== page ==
American State: The Crisis of Trust

586
DOI: 10.20542/0131-2227-2018-62-5-88-96

A. Borisova (a-borisova@imemo.ru),br Primakov National Research Institute of World Economy and International Relations, Russian Academy of Sciences (IMEMO), 23, Profsoyuznaya Str., Moscow 117997, Russian Federation;
V. Zhuravleva (zhvika@imemo.ru),
Primakov National Research Institute of World Economy and International Relations, Russian Academy of Sciences (IMEMO), 23, Profsoyuznaya Str., Moscow 117997, Russian Federation 

Acknowledgements. The article has been supported by a grant of the Russian Science Foundation. Project no. 151830069 “World Order Crisis: Expert Community Answers”.


Abstract. Why do not American people like their government? What does it mean? How Donald Trump happened to come up on the U.S. political stage, and does it stem from the general discontent of the people? To answer these questions, the authors of the article turn to intellectual origins of the American state, namely to the concepts of individualism, egalitarianism and etatism. Basically, when one says that Americans dislike their government, one means that people are dissatisfied either with the fact that there is too much government in their everyday lives or, vice versa, that their government cannot protect them, and its engagement is not enough. The authors explore prominent works of such thinkers as T. Hobbs, A. Hamilton, J. Madison, J. Jay, T. Pain, etc. to understand why American Founding Fathers have created such a system of checks and balances – to protect the people from the government or to protect the government itself from decay and degradation to the mob rule? How did they come up with the idea of Republic, and could they imagine to which extent the Federal government would broaden its authority only 100 years later? Starting from abolition of slavery, and later, the Great Depression established the course on the Welfare State building, and the Federal Government staff has grown up to three million people, broadening its capabilities by creating new Federal institutes. Since then, the power of the Federal Government has never come to the level the Founding Fathers designed it. Such a trend has spiraled into a situation when a part of the American electorate is always dissatisfied that they have to pay too much of taxes, go to wars, sponsor other countries’ safety programs and help to build democracy abroad, so to say, that the State is regulating too many aspects of their lives, whereas the other part of nation feels not protected enough, first and foremost, economically. During the last 15 years, that dissatisfaction has been growing so dramatically, that American people who brought B. Obama to the White House with great expectations for changes, turned to be disillusioned and chose D. Trump, hoping that a non-politician will be able to break the pattern. People are very tired of the Government which lives torn from the society and its needs, which has turned the sacred election process into a show “with dirty laundry”. The whole “Russian intrusion” hysteria as well as numerous social protests that have been shaking the United States since Trump has come into power, are now aimed at one thing – blocking the normal working process in the Government. And the Democrats who are in charge of all this, together with some Republicans, who cannot bear D. Trump’s leadership style, will sooner or later also face the need to make a compromise with their electorate. Will people accept the new conditions, or will they prefer to get rid of the State itself? It is an open question, because that is how America was designed by the Founding Fathers.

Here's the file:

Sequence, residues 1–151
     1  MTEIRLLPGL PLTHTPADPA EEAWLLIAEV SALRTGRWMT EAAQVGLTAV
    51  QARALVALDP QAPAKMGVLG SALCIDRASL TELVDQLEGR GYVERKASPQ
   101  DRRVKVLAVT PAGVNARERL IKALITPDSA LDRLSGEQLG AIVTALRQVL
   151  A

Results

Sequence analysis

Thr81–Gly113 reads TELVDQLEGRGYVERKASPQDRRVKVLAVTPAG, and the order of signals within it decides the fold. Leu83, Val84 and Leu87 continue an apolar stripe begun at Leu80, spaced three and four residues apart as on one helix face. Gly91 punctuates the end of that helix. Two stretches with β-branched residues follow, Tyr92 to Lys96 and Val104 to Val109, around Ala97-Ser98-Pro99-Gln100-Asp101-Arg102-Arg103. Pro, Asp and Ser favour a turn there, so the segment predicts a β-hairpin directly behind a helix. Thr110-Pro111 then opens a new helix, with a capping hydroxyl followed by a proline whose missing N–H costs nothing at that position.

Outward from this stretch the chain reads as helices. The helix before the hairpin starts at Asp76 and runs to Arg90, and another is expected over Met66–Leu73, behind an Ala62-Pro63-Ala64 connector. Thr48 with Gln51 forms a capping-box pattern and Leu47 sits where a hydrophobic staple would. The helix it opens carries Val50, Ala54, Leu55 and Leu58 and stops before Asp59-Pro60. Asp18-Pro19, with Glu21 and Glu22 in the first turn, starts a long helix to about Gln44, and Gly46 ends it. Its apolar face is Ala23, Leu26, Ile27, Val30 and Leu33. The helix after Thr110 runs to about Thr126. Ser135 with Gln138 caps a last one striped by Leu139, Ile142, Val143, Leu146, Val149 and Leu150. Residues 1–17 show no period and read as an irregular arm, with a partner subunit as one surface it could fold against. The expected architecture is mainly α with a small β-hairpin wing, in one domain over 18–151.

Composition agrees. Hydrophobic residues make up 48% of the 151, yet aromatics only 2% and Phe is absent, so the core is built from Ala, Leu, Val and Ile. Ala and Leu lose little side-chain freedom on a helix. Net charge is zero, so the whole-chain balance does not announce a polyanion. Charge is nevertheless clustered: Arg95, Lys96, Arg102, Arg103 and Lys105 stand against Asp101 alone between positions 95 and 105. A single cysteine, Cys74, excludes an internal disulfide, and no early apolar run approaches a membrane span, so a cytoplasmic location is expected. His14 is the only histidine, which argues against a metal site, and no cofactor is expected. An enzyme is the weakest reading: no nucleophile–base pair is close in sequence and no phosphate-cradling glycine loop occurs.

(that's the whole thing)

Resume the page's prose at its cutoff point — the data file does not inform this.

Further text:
Keywords: State, USA, standoff between federal government and society, President, individualism, egalitarianism, etatism, Founding Fathers, social state, “limited” state 


REFERENCES

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2. Public Trust in Government: 1958–2017. Pew Research Center, May 2017. Available at: http://www.people-press.org/2017/05/03/public-trust-in-government-1958–2017/ (accessed 24.01.2018).

3. The Federalist Papers. A Collection of Essays Written by Alexander Hamilton, James Madison and John Jay. Moscow, Ves’ Mir, 2000. 590 p. (In Russ.)

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For citation:
Borisova A., Zhuravleva V. American State: The Crisis of Trust. World Eonomy and International Relations, 2018, vol. 62, no. 5, pp. 88-96. https://doi.org/10.20542/0131-2227-2018-62-5-88-96



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